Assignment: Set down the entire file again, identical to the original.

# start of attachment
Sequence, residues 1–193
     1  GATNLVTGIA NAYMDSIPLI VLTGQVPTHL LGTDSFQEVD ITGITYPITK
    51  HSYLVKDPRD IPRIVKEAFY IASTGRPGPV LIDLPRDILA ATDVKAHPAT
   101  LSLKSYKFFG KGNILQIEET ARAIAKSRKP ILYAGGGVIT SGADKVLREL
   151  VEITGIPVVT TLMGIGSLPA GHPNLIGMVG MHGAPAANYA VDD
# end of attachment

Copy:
Sequence, residues 1–193
     1  GATNLVTGIA NAYMDSIPLI VLTGQVPTHL LGTDSFQEVD ITGITYPITK
    51  HSYLVKDPRD IPRIVKEAFY IASTGRPGPV LIDLPRDILA ATDVKAHPAT
   101  LSLKSYKFFG KGNILQIEET ARAIAKSRKP ILYAGGGVIT SGADKVLREL
   151  VEITGIPVVT TLMGIGSLPA GHPNLIGMVG MHGAPAANYA VDD